Chapter 1. Overview
A model is a substitute for a real system. Models are used when it is easier to work with a substitute than with the actual system. An architect's blueprint, an engineer's wind tunnel and an economist's graphs are all models. They represent some aspect of a real system -- a building, an aircraft or the nation's economy. They are useful when they help us learn something new about the systems they represent.
Many of us have built and used models. Our first experiences might have involved physical models such as a paper airplane or a cardboard glider. These models were easy to assemble and easy to use. They made it fun to conduct experiments. We tried our experiments; watched the results; and tried again. Along the way, we learned about the dynamics of flight. If your experiences were like mine, you learned that you can't make a paper airplane fly further by simply throwing it harder. You also learned that each airplane seemed to follow a natural glide path through the air. Through experimentation, we learned the extent to which the plane's natural trajectory could be improved.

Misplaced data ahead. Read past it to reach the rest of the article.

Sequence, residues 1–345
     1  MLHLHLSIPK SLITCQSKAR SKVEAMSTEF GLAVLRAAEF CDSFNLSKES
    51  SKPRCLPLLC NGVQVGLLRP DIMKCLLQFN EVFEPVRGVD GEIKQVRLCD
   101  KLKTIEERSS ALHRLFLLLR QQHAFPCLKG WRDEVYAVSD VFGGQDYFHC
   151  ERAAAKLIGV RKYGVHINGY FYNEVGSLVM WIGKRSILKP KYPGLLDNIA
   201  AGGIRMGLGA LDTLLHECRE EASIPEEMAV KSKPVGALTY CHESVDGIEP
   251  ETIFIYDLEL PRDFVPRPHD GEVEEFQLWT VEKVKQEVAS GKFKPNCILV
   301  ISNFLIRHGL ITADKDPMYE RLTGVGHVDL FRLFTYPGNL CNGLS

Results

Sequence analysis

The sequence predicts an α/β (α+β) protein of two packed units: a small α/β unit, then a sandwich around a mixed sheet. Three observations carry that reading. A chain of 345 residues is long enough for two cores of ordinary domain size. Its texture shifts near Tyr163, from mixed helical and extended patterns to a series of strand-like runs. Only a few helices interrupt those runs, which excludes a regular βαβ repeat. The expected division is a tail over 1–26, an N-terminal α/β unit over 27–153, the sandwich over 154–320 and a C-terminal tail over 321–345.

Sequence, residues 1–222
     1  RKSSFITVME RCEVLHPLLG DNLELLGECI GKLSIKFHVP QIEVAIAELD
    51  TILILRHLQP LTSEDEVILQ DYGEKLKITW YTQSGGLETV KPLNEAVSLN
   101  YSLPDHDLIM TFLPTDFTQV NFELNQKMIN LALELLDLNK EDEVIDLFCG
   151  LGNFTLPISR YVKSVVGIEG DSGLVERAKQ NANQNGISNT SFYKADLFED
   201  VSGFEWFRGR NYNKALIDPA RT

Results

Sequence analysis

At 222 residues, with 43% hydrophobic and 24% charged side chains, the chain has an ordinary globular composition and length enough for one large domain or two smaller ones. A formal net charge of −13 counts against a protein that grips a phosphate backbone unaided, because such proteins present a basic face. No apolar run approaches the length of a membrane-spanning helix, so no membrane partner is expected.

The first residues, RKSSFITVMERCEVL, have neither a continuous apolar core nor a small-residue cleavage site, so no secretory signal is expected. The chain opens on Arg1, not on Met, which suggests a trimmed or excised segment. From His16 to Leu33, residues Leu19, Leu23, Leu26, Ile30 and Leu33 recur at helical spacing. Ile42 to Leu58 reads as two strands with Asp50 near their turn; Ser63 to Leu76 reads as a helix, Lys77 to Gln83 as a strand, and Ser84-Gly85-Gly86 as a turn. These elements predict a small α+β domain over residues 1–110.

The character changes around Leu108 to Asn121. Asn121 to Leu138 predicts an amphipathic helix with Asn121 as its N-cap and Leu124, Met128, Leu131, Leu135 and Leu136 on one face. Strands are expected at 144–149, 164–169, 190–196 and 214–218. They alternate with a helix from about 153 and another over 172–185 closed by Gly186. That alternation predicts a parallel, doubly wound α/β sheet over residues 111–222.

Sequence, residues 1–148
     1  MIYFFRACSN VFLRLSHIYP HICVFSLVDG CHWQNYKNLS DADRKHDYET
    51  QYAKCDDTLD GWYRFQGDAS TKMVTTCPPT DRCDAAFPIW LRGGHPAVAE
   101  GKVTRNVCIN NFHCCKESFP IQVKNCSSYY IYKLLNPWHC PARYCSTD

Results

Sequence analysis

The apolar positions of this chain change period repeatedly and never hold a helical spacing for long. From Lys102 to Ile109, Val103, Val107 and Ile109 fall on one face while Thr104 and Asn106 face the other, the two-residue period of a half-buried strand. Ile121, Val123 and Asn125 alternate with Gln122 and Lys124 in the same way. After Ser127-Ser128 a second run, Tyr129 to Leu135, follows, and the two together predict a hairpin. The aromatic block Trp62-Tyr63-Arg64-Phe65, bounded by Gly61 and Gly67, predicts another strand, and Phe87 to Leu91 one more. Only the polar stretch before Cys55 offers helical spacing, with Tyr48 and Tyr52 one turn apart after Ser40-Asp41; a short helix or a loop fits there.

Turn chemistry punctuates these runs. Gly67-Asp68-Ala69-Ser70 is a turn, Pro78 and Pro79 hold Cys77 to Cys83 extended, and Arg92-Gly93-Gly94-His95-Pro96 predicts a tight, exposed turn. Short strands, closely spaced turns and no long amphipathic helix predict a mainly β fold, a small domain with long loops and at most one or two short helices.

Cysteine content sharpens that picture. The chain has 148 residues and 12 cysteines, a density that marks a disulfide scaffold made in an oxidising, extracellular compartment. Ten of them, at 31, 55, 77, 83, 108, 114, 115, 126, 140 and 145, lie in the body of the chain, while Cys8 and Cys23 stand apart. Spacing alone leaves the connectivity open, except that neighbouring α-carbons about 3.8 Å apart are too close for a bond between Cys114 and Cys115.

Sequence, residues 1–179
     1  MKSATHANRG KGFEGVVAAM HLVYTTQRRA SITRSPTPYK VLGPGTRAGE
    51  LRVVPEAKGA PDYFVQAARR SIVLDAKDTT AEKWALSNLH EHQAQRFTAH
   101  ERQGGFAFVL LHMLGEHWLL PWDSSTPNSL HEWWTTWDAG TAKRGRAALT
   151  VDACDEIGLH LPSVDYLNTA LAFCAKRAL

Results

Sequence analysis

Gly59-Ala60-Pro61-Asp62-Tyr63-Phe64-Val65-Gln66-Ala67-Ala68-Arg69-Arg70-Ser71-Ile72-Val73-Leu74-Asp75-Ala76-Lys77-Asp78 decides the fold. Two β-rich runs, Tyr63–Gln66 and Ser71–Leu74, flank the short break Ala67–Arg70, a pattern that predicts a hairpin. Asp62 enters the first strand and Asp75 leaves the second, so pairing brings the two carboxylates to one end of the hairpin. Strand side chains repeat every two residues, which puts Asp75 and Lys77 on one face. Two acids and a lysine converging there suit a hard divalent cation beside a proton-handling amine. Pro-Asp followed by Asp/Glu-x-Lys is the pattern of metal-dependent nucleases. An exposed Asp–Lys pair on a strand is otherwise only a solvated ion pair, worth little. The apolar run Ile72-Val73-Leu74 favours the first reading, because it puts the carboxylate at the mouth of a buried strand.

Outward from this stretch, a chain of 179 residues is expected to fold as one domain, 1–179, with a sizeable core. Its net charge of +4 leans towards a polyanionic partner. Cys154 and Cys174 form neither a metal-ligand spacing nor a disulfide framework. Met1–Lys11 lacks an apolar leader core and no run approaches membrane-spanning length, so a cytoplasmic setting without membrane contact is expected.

This book focuses on mathematical models of environmental systems. Mathematical models use equations to represent the interconnections in a system. We will concentrate on a special category of mathematical models which are "simulated" on the computer. They are called "computer simulation models" because the tedious calculations are turned over to the computer. Our job is to think about the best way to construct the model to describe the environmental system. If we do our job well, we can use the model to conduct experiments. We will try our experiments, watch the results and try again. Along the way, we will improve our understanding of the natural trajectories of environmental systems. Through experimentation with the computer model, we'll learn the extent to which the system's natural trajectory could be improved.